I’m a blind standup comedian, currently co-starring in the BBC Two documentary Blind Ambition. As the title suggests, the show is about blindness. But please don’t think this is a violins, tissues at the ready, “oh didn’t they do well” type of documentary. The show creator and Essex wide boy Jamie O’Leary wanted to make a different kind of show about disability.
You’ll know the classic disabled show formula: person has a dark phase then overcomes their disability and achieves something wonderful. In this paradigm the disability is a hurdle that needs to be jumped over. Or, if there are mobility issues at play, an obstacle to get around. In the Blind Ambition paradigm, blindness – a disability readers of the New York Times voted the worst thing a person could have in the world (which is bollocks as blind people can’t read the flipping New York Times so couldn’t vote) – is positive.
Jamie O, as I call him, has got bad eyesight. Nothing like as bad as mine. If he wears his mad quadruple-glazed specs he can see pretty well, whereas I can hardly see a thing. That’s why I was hired. I provide the credibility so Jamie O can give us the jeopardy. Jamie O’s eyes have come to the point where he needs surgery to maintain the sight he has. Problem is, if the surgeon is not on top form, or just doesn’t like the look of him, he could end up balls-to-the-wall blind. He’s quite concerned about this, and this concern is what inspired Blind Ambition. Jamie O wanted to see if there were other blind creatives out there and – SPOILER ALERT – there are loads! So in March 2021, during Lockdown 2 (my personal favourite of the lockdown series), we set off around England to meet some fine examples of blind creatives or, as is more accurate, creative people who are blind.
First up was blind photographer Ian Treherne. The reason we met him was twofold: to find out how a blind person could take good pictures on purpose, and to try to swindle some free production stills from him. I’m happy to say that both were achieved. Ian has a tiny patch of clear vision, which he uses to great effect. I was assured the pictures he took were fantastic. He told me that even though I couldn’t see I could still be a great photographer.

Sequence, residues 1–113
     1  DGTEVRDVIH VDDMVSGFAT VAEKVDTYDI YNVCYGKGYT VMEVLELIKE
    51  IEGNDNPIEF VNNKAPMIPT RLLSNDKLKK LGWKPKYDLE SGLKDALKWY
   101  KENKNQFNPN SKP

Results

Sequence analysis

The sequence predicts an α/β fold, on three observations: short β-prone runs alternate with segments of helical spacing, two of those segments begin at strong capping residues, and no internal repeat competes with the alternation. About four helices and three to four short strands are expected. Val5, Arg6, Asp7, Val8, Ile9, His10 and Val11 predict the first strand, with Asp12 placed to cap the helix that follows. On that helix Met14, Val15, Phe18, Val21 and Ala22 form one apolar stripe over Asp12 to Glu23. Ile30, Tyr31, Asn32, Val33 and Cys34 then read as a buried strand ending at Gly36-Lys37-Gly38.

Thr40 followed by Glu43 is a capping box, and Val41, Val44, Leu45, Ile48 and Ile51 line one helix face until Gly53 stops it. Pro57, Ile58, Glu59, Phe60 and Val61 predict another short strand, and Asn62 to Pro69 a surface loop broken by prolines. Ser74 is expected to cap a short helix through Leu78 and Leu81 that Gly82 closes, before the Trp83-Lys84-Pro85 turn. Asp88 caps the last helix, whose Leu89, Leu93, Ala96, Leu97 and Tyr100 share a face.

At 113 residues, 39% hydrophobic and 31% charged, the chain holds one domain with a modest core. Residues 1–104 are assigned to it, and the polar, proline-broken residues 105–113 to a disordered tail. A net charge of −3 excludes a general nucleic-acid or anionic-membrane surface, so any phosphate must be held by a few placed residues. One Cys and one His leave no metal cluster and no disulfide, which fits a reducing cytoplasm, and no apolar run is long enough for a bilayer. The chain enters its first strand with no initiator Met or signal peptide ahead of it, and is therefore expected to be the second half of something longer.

Next up on our blue badge, Covid-secure, magical mystery tour was the young rapper Stoner. This aptly named weed smoker lost his sight as a result of meningitis. As a 41-year-old middle class Glaswegian I don’t think I’m Stoner’s target market, but his music sounded pretty good to me. At the other end of the musical spectrum was opera singer Lizzie Capener. She has been performing nationally and internationally for more than 20 years. She gave us a singing lesson and the less said about that the better.
Then we met Chris Fisher. He is the UK’s only certified blind wood turner. This guy is incredible. He lost his sight rapidly in his 30s. With zero vision he took up wood turning. He has modified lathes and wood turning tools and, at the time of writing, he’s still got all his fingers.
At the end of documentaries there’s always the “What did you learn?” bit, isn’t there? What I learned was that Jamie O’s snoring can keep me awake through a Premier Inn wall. But I think Jamie O realised that if the worst happens and he does lose his sight then it’s not the end of his creative life. What was also confirmed to me is that these brilliant people aren’t looking to be considered inspirational. They are talented people excelling in their fields regardless of their disability. Each one of them has had to come to terms with losing their sight as I have done myself. Wood turner Chris described losing his sight as being like a bereavement.
What all the guys had in common was positivity. They don’t wake up each morning longing to see. They each incorporate their blindness into their creativity and get on with it. The show is not triumph over adversity, it’s triumph with adversity, and everyone who voted in that stupid New York Times poll should watch and learn!